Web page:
On the third point, I said that the purpose of the university is to seek truth using evidence and reason. That steady search has steadily transformed mysteries (things that seemed completely inexplicable) into puzzles (things we know how to investigate, what questions we need to pose, and what tools are necessary to obtain answers) and to eventually be able to solve the puzzles. The steady march of knowledge is to replace mysteries with puzzles and solutions. But religions want to keep mysteries as mysteries forever as things that are impervious to evidence and reason, and can only be understood by revelation. As the TV character House puts it, “You know, I get it that people are just looking for a way to fill the holes. But they want the holes. They want to live in the holes. And they go nuts when someone else pours dirt in their holes. Climb out of your holes, people!” The growth of knowledge in general and science in particular has resulted in us being able to steadily fill in the holes. To want to stay in the holes is antithetical to the search for truth that is the major purpose of the university.

In these forums, I take on the persona of the ‘bad atheist’, the one who is not willing to go along with the traditional pieties that religion has been allowed to wallow in that go unquestioned. I challenge the idea that the privileged position of religion should be allowed to continue simply because that is the way things have always been. This makes for more sharply focused discussions in which basic assumptions get questioned.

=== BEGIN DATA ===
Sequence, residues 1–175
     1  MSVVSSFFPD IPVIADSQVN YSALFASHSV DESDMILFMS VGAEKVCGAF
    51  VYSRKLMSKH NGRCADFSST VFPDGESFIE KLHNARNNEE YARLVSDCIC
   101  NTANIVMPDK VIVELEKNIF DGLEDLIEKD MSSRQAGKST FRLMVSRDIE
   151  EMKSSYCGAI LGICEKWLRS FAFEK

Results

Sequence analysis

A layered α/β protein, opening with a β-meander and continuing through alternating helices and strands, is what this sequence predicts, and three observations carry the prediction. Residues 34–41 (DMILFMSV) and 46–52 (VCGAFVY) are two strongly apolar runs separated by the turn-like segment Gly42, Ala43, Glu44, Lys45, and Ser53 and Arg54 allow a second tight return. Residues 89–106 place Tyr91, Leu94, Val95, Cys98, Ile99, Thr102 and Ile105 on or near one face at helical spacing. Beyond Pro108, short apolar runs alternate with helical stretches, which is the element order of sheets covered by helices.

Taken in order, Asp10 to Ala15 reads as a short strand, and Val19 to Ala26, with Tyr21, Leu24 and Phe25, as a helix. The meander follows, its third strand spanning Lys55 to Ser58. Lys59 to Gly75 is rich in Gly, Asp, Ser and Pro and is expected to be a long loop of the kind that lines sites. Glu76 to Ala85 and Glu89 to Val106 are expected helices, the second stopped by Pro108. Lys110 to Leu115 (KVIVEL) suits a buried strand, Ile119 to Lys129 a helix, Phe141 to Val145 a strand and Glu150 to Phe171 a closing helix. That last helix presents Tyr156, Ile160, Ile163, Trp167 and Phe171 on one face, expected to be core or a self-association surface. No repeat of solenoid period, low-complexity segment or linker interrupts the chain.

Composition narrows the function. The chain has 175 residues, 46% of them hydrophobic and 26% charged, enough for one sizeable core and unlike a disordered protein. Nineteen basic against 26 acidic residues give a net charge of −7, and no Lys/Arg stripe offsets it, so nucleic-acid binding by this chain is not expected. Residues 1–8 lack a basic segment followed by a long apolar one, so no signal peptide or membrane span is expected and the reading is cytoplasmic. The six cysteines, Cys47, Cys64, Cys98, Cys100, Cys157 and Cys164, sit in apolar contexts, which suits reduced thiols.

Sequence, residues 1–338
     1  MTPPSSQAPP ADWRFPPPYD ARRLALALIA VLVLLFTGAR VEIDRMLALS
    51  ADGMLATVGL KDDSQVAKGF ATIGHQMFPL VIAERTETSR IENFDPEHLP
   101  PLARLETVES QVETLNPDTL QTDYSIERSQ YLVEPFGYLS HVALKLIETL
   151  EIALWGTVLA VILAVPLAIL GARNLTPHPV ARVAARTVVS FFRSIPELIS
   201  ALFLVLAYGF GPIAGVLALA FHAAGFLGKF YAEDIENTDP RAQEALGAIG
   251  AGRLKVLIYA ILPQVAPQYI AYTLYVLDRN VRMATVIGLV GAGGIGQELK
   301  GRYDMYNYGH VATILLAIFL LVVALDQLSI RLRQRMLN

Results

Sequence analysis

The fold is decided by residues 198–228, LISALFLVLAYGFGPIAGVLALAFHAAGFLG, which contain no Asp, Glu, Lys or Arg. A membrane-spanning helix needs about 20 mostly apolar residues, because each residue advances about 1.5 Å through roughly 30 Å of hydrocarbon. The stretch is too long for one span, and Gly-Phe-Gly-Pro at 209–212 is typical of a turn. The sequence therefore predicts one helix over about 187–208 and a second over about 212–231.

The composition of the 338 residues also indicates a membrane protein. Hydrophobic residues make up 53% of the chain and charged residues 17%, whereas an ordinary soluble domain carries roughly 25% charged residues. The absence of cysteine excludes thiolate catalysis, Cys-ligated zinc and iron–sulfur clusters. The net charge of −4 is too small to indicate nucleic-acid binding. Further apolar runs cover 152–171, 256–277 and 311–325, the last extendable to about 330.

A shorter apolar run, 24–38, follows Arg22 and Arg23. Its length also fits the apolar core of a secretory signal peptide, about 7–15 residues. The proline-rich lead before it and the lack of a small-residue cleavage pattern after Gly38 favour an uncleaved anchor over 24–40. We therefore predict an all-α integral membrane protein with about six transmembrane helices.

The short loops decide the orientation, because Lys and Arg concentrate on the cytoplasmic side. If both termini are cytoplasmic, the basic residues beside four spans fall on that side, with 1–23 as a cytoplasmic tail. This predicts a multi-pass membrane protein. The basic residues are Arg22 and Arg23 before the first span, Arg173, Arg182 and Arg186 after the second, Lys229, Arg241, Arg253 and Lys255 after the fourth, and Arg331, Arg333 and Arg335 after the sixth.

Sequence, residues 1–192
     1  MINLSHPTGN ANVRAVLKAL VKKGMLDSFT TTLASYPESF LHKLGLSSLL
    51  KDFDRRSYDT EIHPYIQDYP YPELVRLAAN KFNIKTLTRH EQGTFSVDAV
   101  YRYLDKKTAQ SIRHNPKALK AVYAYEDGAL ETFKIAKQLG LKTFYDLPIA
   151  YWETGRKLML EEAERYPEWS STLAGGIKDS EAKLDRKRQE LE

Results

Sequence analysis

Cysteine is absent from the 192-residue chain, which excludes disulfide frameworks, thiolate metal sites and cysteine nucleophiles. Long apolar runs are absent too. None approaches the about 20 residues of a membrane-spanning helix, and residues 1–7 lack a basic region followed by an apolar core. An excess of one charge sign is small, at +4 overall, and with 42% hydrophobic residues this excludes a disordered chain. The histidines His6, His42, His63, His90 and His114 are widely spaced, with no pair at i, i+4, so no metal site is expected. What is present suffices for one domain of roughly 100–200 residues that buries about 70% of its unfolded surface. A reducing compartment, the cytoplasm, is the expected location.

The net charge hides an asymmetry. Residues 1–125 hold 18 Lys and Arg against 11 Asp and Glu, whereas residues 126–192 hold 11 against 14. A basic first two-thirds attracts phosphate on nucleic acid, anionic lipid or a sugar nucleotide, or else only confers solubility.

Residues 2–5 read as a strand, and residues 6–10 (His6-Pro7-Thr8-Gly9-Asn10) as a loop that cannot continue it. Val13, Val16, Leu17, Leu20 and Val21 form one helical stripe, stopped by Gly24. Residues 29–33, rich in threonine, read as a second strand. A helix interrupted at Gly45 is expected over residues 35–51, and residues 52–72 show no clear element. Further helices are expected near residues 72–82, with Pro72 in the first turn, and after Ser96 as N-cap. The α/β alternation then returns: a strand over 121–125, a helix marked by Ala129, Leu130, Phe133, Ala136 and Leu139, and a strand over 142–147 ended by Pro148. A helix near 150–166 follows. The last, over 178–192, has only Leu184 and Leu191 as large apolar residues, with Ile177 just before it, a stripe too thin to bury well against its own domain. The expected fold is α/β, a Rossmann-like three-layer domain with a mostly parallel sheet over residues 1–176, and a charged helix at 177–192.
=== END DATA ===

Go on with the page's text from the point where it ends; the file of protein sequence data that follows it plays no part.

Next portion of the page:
I find it interesting that at the end of these sessions, people often come up to me and quietly confide that they are atheists too but cannot say so openly because they fear discrimination. For far too long, people have tiptoed around religion, avoiding pointing out its uselessness or negative aspects for fear of offending religious people. Having the atheist view articulated openly and unapologetically helps to create a wider space for discussion so that those who would not go as far as me can now see themselves as in the middle somewhere and thus more comfortable. I see my role as analogous to a blocker in football, making forceful remarks that can create space for others to be able to go through.